One of the pleasures of British Open week for visiting Americans is to venture into one of the many local betting emporiums to place a modest -- and legal -- wager or two on their favorite players. Nowadays, such bets can all be done online. And with the advent of exchange betting sites like Betfair, as well as backing a player you can "lay" a player or bet against them. This kind of betting is thus more like trading, and you can do it throughout the tournament, right up to the last putt.
So on the eve of the tournament, I fired up my laptop, put £100 -- about $160 -- into the kitty in my Betfair account and went shopping. Here's how I spent it:
£5 on Tiger Woods at 10.5 (to 1) to win £47.50. Not particularly original to bet on the favorite, but these seem like decent odds for a 14-time major winner who has won three times on tour this year and has a good record at Lytham. In the 10 previous Opens at Lytham, the winners have all been thoroughbreds.
- £10 on Westwood at 15 to win £140. English golfers of a certain age get a little misty when they recall Tony Jacklin winning here in 1969. The English who believe in fairytales are naturally hoping for another homegrown champion, and seeing as how the current world nos. 1 (Luke Donald) and 3 (Lee Westwood) are English, their dream may well come true. Of the two I prefer Westwood: he's a long, straight driver, which is going to be essential this week, and he's just been too close too many times not to break through.
- £10 on Justin Rose at 32 for £310. Another Englishman whose won this year and who often gets overlooked in the Donald-Westwood battle for world domination. He's still never bettered his tied-fourth position in his debut Open, in 1988, when as a 17-year-old amateur he holed a pitch at the 72nd hole, but this could be the year.
- £10 on Graeme McDowell at 36 for £350. The 2010 U.S. Open champion is in his prime, and grew up in Portrush, Northern Ireland, so he'll be well prepared for whatever foul weather Lytham throws at him this week.
- £10 on Rickie Fowler at 40 to win £390. I watched Fowler play a few holes at Royal St. George's last year and he was playing all kinds of improvised linksy knockdown shots and delicate bump and runs, just like a Scottish native. In his two Open appearances, he's finished tied 14th and tied 5th, and with his maiden win on tour in May, he destined for great things.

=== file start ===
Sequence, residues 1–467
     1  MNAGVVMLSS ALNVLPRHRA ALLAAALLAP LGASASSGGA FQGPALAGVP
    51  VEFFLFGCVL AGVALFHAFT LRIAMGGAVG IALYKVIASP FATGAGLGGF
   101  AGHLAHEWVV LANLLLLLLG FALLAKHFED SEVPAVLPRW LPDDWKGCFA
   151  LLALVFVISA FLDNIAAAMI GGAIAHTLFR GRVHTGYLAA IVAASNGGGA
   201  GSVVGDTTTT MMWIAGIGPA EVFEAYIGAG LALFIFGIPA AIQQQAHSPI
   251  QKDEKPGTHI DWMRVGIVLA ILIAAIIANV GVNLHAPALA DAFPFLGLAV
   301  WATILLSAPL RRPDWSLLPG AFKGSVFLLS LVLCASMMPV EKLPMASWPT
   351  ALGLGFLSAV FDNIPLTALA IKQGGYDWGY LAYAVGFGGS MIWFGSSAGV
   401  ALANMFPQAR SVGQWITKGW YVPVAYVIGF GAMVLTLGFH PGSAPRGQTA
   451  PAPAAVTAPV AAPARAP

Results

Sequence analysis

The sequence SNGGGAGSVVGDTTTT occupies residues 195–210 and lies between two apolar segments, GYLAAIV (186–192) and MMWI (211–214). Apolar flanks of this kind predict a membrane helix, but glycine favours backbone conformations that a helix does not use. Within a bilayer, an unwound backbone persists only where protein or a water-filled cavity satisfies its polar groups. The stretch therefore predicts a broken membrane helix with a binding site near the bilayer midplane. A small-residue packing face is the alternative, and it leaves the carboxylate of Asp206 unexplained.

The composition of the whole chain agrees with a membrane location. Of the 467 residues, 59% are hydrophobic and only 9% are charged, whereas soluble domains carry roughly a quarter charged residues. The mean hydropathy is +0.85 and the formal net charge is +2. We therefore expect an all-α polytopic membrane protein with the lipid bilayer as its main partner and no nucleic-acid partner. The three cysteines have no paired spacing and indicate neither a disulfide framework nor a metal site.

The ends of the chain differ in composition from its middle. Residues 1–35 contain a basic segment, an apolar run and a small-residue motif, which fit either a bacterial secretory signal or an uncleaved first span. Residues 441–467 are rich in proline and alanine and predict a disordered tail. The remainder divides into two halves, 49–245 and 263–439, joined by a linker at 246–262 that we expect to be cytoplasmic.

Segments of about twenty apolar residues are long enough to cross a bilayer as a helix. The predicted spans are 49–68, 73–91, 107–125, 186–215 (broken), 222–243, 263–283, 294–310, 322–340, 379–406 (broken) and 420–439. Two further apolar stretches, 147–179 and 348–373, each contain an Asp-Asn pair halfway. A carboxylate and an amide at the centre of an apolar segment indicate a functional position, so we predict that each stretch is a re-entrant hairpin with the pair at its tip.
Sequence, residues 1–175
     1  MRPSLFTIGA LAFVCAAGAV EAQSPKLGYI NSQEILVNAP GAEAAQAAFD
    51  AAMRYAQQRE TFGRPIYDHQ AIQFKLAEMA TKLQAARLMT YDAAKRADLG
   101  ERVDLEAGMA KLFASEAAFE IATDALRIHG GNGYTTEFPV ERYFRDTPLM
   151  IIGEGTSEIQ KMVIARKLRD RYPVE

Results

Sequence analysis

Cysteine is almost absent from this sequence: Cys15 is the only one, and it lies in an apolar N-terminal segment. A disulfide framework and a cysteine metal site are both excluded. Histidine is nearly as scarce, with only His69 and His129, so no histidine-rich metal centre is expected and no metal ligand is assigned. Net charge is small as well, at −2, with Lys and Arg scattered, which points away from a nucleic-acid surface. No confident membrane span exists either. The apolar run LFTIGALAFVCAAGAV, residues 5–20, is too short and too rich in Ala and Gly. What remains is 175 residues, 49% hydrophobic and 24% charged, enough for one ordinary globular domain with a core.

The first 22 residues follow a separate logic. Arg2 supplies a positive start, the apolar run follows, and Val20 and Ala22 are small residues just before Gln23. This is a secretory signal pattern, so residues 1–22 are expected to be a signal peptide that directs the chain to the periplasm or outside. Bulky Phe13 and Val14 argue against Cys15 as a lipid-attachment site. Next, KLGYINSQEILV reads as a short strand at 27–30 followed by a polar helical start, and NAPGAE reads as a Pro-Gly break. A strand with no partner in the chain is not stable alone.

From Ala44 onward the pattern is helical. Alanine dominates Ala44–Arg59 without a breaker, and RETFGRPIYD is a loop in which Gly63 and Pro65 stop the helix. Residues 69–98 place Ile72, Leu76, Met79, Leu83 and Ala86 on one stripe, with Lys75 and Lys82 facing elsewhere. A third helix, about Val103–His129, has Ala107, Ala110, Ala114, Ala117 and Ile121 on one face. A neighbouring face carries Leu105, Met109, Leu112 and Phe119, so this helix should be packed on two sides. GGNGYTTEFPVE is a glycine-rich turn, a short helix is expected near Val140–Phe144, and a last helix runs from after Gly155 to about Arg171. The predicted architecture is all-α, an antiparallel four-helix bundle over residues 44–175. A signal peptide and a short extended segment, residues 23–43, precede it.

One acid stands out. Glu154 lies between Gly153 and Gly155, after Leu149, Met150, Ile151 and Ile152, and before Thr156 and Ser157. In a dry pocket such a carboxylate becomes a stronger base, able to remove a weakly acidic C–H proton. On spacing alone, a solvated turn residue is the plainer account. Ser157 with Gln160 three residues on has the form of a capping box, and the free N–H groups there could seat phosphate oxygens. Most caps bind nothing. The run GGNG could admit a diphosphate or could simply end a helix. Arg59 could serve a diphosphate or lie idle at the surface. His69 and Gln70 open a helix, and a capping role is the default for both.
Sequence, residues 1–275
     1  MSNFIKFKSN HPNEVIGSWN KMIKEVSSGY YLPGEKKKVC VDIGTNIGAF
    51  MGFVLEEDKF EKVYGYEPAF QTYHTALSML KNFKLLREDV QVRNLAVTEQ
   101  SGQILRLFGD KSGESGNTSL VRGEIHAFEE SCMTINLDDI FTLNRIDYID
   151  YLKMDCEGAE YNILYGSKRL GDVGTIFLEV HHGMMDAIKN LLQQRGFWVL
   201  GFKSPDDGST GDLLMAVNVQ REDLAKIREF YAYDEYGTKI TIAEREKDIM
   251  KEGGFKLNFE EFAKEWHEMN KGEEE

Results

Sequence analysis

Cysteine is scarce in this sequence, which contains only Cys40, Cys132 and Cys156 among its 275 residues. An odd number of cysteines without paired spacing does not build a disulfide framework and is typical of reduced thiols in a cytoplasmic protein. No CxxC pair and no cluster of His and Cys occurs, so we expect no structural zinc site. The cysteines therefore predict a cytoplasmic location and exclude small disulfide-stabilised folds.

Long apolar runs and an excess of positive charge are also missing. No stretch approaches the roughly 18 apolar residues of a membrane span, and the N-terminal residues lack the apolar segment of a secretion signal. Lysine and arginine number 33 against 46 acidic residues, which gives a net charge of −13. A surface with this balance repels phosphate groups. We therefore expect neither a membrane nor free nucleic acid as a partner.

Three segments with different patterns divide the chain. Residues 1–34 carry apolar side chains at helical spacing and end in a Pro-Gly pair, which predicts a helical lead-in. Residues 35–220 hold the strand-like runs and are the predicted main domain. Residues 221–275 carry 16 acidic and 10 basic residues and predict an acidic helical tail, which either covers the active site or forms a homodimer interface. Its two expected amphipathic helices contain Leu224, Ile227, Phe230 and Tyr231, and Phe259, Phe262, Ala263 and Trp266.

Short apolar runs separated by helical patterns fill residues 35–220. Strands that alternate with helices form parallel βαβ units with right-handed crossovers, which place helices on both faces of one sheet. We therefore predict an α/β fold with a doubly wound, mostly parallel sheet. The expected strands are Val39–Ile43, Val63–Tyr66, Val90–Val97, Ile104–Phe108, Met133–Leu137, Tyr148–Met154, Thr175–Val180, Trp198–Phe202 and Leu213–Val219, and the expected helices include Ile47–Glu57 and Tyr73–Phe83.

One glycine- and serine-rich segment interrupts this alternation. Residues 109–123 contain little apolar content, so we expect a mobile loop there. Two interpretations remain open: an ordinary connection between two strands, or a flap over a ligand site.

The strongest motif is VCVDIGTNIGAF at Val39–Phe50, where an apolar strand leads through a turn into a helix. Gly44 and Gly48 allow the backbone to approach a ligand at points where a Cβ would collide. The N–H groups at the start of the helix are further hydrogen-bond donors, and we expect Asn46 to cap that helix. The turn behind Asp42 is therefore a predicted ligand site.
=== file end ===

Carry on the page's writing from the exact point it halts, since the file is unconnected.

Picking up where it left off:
- £10 on Sergio Garcia at 40 to win £390. Here's hoping he can channel the spirit of Seve Ballesteros, who two of his three Opens here, and finally live up to his potential.
- £5 on Jason Dufner at 48 to win £235. OK so he missed the cut in both of his two prior Opens, but he's solid, unflappable, and in form: two wins on tour this year and a tied 4th in the U.S. Open.
- Four other bets on players with long odds who I don't think will win, but I do think that their odds have a good chance of shortening during the week, in which case I can "lay" them, hedging the bets and pocketing the difference. As follows: £5 on Zach Johnson at 75 to win £370--the man in form;
£5 on Bubba Watson at 85 to win £420--the Masters champion's creativity is well suited for links golf;
£10 on Branden Grace at 200 to win £1,990--the South African phenomenon is a three-time winner on the European tour this season and is looking for a big breakthrough;
£5 on Brandt Snedeker at 300 to win £1,495--streaky, unpredictable, and could suddenly find his groove.
- £10 on winning nationality being South Africa at 8.4 for £74. There have only been four South African winners of the claret jug, but the country has 14 players in the field, with many of them realistic contenders.
- £5 on a winning score of 5 strokes or more at 8.8 for £39. A throwaway bet but good odds for a runaway winner.
I'll be trading throughout the championship and will report back on Sunday on how much I won (or lost).
-- John Barton